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The Secondary Animation

You are now ready to dissect the secondary animation. This one is a bit more involved, but still uses the very simple ActionScripting covered thus far.

While the playback head is in frame 5, double-click anywhere on the extended menu (but not the button that opens and closes the menu). This will bring you to the edit mode of the Resources Graphic movie clip (see Figure 8).

Figure 8

Figure 8 Timeline for the secondary menu animation

This secondary menu animation works through a series of rollover events triggered by moving the mouse over each button in the menu. Move the playback head back and forth along the timeline to see each of the various menu items change to orange and the descriptive text fade into view.

Notice all the stop actions at the end of each motion tween. The focus here involves the five almost-identical scripts attached to each of the five buttons in the menu.

If you click the Job Links button (not the text, but the button), you will see the script in Figure 9.

Figure 9

Figure 9 Script attached to the Job Links button to animate the button on a rollover event and link to another URL on a Press event

This script contains two events: a rollover event and a press event. The top script with the rollover event moves the playback head to frame L1, where the button changes to orange, and the animation of the fade-in text starts. Playback is stopped at frame 11 with another stop action.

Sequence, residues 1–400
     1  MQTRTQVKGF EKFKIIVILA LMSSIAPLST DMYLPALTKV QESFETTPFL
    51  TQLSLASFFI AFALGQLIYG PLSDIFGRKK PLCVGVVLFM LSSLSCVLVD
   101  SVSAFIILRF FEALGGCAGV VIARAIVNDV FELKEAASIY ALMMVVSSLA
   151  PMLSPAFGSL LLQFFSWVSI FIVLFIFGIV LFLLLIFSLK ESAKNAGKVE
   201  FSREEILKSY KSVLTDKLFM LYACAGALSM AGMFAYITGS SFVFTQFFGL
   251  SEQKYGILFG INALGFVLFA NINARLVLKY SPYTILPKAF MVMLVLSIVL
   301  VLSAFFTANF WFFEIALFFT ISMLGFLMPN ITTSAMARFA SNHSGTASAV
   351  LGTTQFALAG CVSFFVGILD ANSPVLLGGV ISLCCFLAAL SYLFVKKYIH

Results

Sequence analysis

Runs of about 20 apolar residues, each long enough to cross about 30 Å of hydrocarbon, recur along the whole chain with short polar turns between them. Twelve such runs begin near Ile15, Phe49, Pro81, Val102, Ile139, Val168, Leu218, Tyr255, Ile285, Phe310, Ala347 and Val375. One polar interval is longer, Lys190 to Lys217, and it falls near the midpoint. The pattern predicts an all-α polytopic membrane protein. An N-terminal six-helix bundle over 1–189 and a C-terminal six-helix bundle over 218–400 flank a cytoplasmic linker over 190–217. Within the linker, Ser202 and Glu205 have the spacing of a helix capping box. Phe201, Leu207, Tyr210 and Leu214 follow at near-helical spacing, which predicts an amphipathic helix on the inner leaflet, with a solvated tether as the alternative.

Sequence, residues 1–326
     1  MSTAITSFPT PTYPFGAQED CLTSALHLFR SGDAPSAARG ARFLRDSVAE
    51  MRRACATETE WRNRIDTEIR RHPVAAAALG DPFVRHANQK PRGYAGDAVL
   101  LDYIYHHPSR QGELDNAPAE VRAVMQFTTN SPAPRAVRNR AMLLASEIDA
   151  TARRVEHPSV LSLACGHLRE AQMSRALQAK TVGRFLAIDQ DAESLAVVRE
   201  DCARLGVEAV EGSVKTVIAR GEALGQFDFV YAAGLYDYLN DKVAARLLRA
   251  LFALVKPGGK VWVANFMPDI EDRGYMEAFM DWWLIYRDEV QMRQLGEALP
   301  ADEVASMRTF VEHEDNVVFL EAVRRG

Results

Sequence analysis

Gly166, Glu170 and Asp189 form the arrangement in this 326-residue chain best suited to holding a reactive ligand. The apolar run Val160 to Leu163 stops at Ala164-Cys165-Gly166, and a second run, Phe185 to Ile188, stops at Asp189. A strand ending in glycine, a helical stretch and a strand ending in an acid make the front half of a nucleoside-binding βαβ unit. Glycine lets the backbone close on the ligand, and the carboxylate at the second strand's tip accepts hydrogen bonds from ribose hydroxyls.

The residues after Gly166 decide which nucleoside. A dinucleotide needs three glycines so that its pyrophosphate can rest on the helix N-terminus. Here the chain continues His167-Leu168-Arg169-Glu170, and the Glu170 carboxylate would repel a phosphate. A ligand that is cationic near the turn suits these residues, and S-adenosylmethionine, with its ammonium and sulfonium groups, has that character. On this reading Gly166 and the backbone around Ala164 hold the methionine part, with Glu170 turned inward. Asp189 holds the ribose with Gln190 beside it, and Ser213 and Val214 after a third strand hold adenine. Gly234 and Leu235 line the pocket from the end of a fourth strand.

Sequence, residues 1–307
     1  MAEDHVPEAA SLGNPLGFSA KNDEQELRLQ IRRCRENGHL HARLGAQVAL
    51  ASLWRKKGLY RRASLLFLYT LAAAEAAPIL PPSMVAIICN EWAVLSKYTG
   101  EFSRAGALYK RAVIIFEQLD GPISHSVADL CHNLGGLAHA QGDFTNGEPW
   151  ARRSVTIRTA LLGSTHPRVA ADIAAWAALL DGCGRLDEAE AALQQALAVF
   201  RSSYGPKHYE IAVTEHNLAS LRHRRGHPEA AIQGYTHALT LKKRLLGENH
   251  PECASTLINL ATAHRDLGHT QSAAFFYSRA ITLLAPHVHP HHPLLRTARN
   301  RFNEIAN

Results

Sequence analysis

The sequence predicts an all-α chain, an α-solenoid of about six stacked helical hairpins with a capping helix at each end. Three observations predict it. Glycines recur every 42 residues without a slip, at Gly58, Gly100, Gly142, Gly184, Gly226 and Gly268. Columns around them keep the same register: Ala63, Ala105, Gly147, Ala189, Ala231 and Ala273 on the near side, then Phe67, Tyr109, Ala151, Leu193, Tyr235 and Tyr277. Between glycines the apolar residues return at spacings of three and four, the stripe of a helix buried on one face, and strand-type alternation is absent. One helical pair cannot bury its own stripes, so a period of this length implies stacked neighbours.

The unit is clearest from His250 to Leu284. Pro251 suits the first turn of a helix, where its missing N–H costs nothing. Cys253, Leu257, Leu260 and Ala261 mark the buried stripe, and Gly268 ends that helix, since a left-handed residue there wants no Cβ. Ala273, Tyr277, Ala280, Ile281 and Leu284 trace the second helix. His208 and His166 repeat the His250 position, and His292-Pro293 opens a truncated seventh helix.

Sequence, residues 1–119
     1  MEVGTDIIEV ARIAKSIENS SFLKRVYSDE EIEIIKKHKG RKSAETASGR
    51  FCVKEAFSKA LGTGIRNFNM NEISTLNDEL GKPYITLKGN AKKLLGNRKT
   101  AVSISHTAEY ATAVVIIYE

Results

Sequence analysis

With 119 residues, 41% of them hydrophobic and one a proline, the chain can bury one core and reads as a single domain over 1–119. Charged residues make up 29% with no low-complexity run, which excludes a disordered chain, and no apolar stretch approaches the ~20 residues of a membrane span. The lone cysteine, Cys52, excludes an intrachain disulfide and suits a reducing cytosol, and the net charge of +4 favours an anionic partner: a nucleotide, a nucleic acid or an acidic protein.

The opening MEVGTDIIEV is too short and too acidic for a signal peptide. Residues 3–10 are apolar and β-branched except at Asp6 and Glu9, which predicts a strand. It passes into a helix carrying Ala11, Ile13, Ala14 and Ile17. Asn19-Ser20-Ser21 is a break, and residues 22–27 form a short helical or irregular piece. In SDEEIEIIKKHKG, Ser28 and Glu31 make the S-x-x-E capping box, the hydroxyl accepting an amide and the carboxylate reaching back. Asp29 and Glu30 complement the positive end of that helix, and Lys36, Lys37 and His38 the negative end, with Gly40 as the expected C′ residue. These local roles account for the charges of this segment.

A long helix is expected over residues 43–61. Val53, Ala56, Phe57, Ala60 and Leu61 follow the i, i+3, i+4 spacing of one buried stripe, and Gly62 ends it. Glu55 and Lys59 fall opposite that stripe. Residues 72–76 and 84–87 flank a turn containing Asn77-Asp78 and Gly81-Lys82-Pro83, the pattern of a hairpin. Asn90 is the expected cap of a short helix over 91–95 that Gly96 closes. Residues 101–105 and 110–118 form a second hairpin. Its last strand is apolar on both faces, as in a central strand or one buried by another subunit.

The press event controls what happens when the menu button is actually pressed. In this case, it uses a getURL action to load the Resources page into the browser. The last argument, blank, requests the browser to load this page in a new blank window.

The other four buttons in the menu have almost identical scripts. The only difference is where the playback head is being instructed to move and which URL to load when clicked. This menu can be scaled larger by simply adding more menu buttons, frame labels, and descriptive text.

Additional functionality can be added to retract the menu when users roll off the button stack. One way this can be done is to create an invisible button behind the button stack that instructs the play head to move to frame 1 of the Resources movie clip.

This requires a target path (discussed in "ActionScript for Controlling Timeline Playback" [January 2007]).

You will also need this script (or something similar) if you want to change the menu trigger to a roll over event, as discussed above. Otherwise, the menus cannot be closed, as you discovered!

These are the only scripts needed to get this animated menu working. What’s more, they contain only simple actionscript elements that are easy to implement.

For more information about the actionscripting covered in this article or about creating various types of animated menus, visit the appropriate Flash Tutorials on my web site.

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